Posthaste: TMX to complicate Liberal-NDP talks, and Canadians to splurge $1,600 on gifts this holiday season
While Christmas is more than two months away, some canny Canadians are already eyeing shopping deals. The average Canadian will spend around $1,594 this holiday, a 1.9 per cent increase over last year, according to PwC Canada’s Holiday Outlook report.
“Eight out of ten Canadians plan to spend the same or more this holiday season and they are likely to focus the majority of their spending on family ($869), followed by indulging themselves with a few gifts ($537), gifts for friends ($118), pets ($40), and others ($29),” according to the report. Men are expected to spend $1,820 this year on gifts, travel, and entertainment, while women are expected to spend $1,384 on the same things, the report noted.
While the ‘R’ word is in the air in much of the world, Canadians remain fairly positive about the economy and the state of their personal finances. According to the report, 25 per cent of respondents are feeling better than last year about the state of their personal finances. “Despite recent announcements about household debt-to-income ratio rising, more than 80 per cent plan to use their credit card at some point during the holiday season. Only 17 per cent (vs 19 per cent in 2018) are concerned about credit card debt and 21 per cent are not worried about it,” the report noted.
May be they should worry a bit. RBC Capital Markets cut its price forecast for U.S. oil benchmark Western Texas Intermediate by around US$.375 to US$58.75 next year, noting that recent supply outages will compel many major oil consumers to stockpile barrels to mitigate the impact of sudden shortages.
“Following a plethora of outages this year, two investor camps have emerged. On one hand, wide-ranging catastrophic outages are no longer a hypothetical, a black swan or a fat tail, meaning that a supply risk premium has arguably never been more relevant,” wrote Michael Tran, commodity strategist at RBC Capital Markets. “On the other, the laissez faire attitude towards pricing in disruption risk has meant that the swift normalization of output has embolden the skeptics to question the need for a risk premium going forward.”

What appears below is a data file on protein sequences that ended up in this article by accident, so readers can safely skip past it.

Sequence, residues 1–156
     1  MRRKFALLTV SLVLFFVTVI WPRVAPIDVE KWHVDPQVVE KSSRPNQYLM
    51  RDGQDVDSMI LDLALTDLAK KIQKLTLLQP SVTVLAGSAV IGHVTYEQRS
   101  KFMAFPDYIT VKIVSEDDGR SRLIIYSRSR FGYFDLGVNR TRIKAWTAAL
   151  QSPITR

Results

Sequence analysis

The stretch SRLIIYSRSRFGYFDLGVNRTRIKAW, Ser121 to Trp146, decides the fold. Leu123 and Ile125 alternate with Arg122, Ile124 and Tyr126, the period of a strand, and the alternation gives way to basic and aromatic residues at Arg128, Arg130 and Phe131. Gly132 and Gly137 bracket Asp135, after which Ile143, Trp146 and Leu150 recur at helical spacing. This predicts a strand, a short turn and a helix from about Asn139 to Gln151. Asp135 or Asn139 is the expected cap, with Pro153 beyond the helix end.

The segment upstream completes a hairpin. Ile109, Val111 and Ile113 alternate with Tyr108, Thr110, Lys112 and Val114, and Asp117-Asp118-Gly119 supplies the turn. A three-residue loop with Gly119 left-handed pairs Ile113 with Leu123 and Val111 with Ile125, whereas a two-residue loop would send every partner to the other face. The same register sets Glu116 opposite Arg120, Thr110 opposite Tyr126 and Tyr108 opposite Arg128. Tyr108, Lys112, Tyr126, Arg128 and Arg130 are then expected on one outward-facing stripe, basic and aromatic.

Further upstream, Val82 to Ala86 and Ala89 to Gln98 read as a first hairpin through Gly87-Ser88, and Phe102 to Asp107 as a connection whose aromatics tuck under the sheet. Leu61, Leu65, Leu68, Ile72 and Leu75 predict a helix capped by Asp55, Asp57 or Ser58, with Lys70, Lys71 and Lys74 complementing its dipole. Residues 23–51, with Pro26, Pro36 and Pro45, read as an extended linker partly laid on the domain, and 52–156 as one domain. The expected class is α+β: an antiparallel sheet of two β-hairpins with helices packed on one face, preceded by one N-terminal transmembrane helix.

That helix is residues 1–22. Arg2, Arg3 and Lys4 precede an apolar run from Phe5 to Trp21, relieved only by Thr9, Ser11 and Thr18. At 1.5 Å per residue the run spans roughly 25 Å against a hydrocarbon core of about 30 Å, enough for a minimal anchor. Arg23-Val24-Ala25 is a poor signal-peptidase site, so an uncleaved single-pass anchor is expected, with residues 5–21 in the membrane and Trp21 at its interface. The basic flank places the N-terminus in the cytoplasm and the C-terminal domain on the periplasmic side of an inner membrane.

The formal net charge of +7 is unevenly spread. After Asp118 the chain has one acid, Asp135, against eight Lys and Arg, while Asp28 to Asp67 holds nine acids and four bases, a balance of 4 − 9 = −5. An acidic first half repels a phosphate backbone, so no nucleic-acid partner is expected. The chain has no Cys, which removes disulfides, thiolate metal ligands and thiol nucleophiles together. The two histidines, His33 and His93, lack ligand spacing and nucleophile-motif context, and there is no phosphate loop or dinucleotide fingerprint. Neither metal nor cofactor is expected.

On the political front, a possible coalition between the Liberals and NDP would be complicated by Ottawa’s $4.5 billion purchase of the Trans Mountain pipeline.
Would Trudeau categorically deny that he would block the expansion of TMX in exchange for Singh’s support, asks NP columnist John Ivison?
Here’s what’s you need to know this morning:
September existing home sales at 9 a.m. ET
Bloomberg Nanos Confidence survey at 10 a.m. ET
Aphria Inc. holds conference call to discuss its first-quarter financial results
Cannabis retailer Fire & Flower Holdings Corp. holds its annual general meeting of shareholders
The School of Public Policy and its expert panel to discuss the ban on single use plastic and the lessons that can be learned from B.C., in Calgary
Artizia Inc. holds its second-quarter conference call with analysts
Canada posted another surprisingly strong month of job gains in a labour market that is on track for one of its best years on record.
The economy added 53,700 jobs last month, Statistics Canada said Friday in Ottawa, following a gain of 81,100 in August. Canada has now added 358,100 since December, the most in the first nine months of a year since 2002.
The strong print will only reaffirm Bank of Canada expectations that the economy has developed a certain amount of resilience to trade headwinds and global economic uncertainties, giving it ammunition to buck the global trend of lower interest rates.
However, Scotiabank, the job report is not as stellar as the headline suggests.
“Full time jobs were up by 70,000 while part-time employment fell by 16,300. It’s somewhat amazing that the job growth was so skewed toward full-time employment and yet total hours worked fell which must signal that the rest of the already employed portion of the workforce worked less,” wrote Derek Holt, vice president, head of capital markets economics.
“In my view, this overall report changes nothing about the risks facing the outlook for Bank of Canada policy,” the economist noted.